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Ola al-Qaradawi given supervised release after two years in Egyptian prison

Daughter of Imam Qaradawi and her husband have been detained without facing formal charges
Qaradawi and Khalaf on morning of their arrest in June 2017 (MEE/Courtesy of Aayah Hosam)

The daughter of Qatar-based imam Yousef al-Qaradawi has been granted conditional release by an Egyptian court after two years of imprisonment without formal charges, her family said. 

However, a source close to the family told Middle East Eye on Wednesday that Ola al-Qaradawi has not been released from prison hours after the court's order. It remains unclear when she will be freed.

According to statement by her family, after she is freed Qaradawi must report to a police station three days a week and show up to court every 45 days.

Qaradawi was arrested with her husband Hosam Khalaf in 2017, shortly after a diplomatic feud broke out between Qatar on one side and Egypt, Saudi Arabia, the United Arab Emirates and Bahrain on the other.

Khalaf and Qaradawi were accused of links to the now-banned Muslim Brotherhood, but never presented with the evidence against them or given a chance to stand trial.

The couple's supporters have insisted that the accusations are politicised and linked to the diplomatic impasse between Cairo and Doha, not to any actual criminal offence. 

Pre-trial detention guidelines in Egypt allow the imprisonment of suspects for as long as two years without official charges.

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Khalaf has yet to appear before a court after passing the two-year mark in prison. His hearing was postponed because of security measures for the African Cup of Nations, which is being hosted by Egypt, the family said.

Qaradawi had been held in solitary confinement under dire conditions for much of her detention, according to her family.

On Tuesday, Free Ola and Hosam Campaign, an advocacy initiative, welcomed the news of the decision to release Qaradawi but called for granting her full freedom as well as releasing Khalaf. 

"While we hoped for full justice today, my children and I are relieved that my mother will be released," Aayah Hosam, the couple's oldest daughter, said in a statement.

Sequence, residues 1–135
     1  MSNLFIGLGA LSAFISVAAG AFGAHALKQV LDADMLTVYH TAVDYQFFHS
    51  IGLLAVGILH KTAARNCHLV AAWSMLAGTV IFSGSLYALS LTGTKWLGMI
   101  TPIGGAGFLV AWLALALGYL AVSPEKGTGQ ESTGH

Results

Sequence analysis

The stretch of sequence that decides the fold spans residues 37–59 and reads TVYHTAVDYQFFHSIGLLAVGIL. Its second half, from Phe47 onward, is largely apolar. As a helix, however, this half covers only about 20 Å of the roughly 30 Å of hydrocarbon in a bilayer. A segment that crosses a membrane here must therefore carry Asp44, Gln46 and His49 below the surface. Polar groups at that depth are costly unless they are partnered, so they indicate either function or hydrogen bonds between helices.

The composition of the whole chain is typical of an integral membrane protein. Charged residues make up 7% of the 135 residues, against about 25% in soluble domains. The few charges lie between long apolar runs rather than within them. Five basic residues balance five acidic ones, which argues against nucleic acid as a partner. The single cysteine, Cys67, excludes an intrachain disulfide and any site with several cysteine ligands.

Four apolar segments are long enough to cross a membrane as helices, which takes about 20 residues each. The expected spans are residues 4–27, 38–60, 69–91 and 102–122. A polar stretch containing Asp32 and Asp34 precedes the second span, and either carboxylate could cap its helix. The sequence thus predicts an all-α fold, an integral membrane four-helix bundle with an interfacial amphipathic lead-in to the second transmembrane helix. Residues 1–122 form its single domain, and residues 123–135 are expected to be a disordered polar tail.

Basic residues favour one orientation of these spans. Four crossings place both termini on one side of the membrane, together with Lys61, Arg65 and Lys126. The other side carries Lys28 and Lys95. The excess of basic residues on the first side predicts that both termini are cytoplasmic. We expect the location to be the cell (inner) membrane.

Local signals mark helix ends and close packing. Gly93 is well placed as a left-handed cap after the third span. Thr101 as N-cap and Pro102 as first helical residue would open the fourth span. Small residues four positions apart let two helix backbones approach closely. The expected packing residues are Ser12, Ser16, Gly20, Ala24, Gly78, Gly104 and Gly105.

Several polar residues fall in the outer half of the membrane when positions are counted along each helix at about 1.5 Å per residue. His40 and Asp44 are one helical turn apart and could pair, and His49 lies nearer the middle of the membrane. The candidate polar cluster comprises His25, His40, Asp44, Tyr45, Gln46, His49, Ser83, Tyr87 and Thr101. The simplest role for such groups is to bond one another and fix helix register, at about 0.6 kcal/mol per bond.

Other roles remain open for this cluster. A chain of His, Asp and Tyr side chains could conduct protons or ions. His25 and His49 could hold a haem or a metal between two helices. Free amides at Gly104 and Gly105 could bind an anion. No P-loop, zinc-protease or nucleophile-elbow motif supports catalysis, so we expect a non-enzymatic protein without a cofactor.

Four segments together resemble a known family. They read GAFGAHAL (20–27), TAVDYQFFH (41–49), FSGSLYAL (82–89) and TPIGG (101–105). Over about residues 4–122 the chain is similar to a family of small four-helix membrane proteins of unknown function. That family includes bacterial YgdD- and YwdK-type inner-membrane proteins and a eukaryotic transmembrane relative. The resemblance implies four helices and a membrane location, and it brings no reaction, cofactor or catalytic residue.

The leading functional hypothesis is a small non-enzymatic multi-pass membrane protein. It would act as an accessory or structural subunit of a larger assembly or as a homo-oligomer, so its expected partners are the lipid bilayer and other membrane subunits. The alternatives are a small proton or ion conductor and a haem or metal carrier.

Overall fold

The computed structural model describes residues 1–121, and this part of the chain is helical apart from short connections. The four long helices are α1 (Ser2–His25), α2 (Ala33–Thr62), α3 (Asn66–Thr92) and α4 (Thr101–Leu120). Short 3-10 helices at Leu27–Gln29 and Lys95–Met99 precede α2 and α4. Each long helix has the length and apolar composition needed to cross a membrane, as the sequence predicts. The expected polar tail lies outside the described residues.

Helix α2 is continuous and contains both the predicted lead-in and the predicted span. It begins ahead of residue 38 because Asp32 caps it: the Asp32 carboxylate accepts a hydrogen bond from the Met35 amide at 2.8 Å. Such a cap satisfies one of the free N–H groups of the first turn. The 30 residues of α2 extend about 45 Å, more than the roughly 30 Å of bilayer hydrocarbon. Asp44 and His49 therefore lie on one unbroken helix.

"We are grateful to God and we are hopeful that this is the first step towards her full freedom. Ola deserves to be with her children and family and should be given a full and unconditional release. I pray that my father will be released without delay as well."

Hosam, a US citizen, had been leading lobbying efforts to convince American policymakers to push for the release of her parents, who had been granted US residency before their arrest.

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Late last year, 46 members of the US Congress wrote a letter to Secretary of State Mike Pompeo to push for the release of the couple. 

In a video message released on Monday, Hosam called on the Egyptian authorities to comply with their own laws that limit pretrial detentions to two years and release her parents. 

She lamented that her own daughters are growing up without their grandparents and highlighted numerous challenges that have arisen in her parents' absence. 

For example, Khalaf's mother died while he was in detention. 

He was not able to visit his mother when she was sick, and not only did he miss her funeral, but he did not find out about her death until weeks after the fact because of restrictions on communication with the outside world.

"He had to go through that grief alone. No one was there to comfort him, nor was he outside to comfort anyone of us," Hosam said. 

Several human rights organisations have condemned the detention of the couple, including Human Rights Watch and Amnesty International.

"For the last 732 days Ola has remained in solitary confinement, subjected to the worst conditions known in her prison," the Free Ola and Hosam Campaign said in a statement on Wednesday. 

"Hosam has also remained in detention and denied all his rights, even the most basic privileges other detainees receive."

The campaign decried the failure of the Egyptian legal system, which critics of President Abdel Fattah el-Sisi say has become a tool to brutally crush dissent.

"Both have been routinely renewed every 45 days without charge," the campaign said of the couple. "There is no investigation and no evidence has been presented to the courts. Their lawyers have never been given a single file on the case."